That sentence is so deceptively simple.
We got up at 7 and left Violetta's apartment at 7:50 for an 8:30 bus. We took a city bus to a subway station, then took a subway to the main bus station. We arrived at the bus station at 8:15. After wandering around for five minutes searching for our bus, we went to the information office to ask. Of course, no one there spoke English. The man behind the window pointed across the street and said, "Red building!" So we speed-walked across the station, across the street, and along the sidewalk towards the brick building. No buses. We walked all the way around the building. When I realized the sidewalk had ended and we were walking in the street, I called Gaby back. "This can't be right."
So we jogged, worry increasing, back to the information booth for more unsuccessful communication attempts. By now it was 8:27. Finally a kind woman standing nearby took pity on us and explained that the bus was late and would arrive at a spot across the street which Gaby and I had run past minutes earlier in our rush to the red building.
So we speed-walked back across the station and across the street. A few inquiries among the people gathered on the sidewalk revealed that everyone standing there (all who had seen us running back and forth, of course) was waiting for our bus. We waited for 20 more minutes, then followed the crowd back across the street to a different spot where the bus actually arrived.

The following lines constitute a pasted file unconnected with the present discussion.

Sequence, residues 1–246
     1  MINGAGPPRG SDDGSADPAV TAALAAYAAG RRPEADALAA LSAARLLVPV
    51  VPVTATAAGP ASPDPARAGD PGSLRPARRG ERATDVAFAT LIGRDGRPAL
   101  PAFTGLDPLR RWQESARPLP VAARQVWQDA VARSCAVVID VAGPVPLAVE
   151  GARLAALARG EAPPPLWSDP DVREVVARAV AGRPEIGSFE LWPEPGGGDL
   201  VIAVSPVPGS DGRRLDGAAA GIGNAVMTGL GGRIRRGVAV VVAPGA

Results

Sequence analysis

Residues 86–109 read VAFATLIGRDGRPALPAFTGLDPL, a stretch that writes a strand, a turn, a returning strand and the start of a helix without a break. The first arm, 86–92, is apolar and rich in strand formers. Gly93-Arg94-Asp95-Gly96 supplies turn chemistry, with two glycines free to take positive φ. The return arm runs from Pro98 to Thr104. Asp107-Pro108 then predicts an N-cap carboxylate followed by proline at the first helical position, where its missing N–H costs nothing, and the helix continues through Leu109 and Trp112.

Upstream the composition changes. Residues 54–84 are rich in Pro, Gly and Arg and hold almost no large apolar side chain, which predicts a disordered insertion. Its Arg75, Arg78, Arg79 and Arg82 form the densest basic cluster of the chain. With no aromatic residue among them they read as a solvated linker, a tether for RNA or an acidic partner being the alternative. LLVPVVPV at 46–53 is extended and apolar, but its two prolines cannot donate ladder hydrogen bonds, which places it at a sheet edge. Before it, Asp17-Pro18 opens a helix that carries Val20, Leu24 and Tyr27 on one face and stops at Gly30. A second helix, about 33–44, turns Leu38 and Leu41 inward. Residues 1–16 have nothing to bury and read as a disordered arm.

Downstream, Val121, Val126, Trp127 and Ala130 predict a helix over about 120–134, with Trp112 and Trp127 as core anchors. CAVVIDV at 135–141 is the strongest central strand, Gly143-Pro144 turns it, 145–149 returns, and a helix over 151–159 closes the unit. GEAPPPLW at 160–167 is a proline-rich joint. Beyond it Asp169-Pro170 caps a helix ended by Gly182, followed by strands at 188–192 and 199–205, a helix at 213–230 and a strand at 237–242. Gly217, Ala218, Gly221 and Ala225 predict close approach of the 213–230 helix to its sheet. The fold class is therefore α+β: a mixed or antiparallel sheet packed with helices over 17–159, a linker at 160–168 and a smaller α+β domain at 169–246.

Thirty minutes late, we finally left Milan. My stomach sank when I looked at my ticket and realized we were supposed to transfer buses in Bologna in a 20-minute time window which we certainly were not going to make. The bus driver didn't speak English, so Gaby and I waited somewhat apprehensively to see what would happen next.
When we arrived in Bologna, half an hour late, we speed-walked up and down the row of buses, looking for one that said it was going to Firenze (Florence). No luck. So we jogged back to our original bus to try asking again. After a lot of difficult communication with people who didn't seem interested in helping, we finally found a bus (our bus? I'll never know) to Florence.
Florence-ish, I should say. After riding for a couple of hours, the bus abruptly pulled over and some people began to climb out. "Firenze?" I asked a woman who was getting off. "Si," she replied. So I woke up Gaby and we grabbed our stuff and climbed out. As the bus pulled away, I looked around and realized we were standing on the grassy shoulder of a highway, with thick undergrowth on one side and cars whizzing by on the other. No buildings to be seen.
Gaby and I turned to each other. "Where the hell are we?"
The handful of people who had gotten off the bus were all walking in the same direction, so we followed. The group gathered at a bus stop about five minutes down the road, and we climbed onto a bus with the rest of them, hoping for the best. Luckily, Gaby has a data plan on her iPhone, so we pulled up Google maps and found out that we were about six kilometers outside of Florence.
A 20-minute bus ride later, we got off next to the river in Florence. Grabbed lunch from a tiny, adorable panini shop recommended by my Lonely Planet guidebook, then walked to my friend Graham's apartment.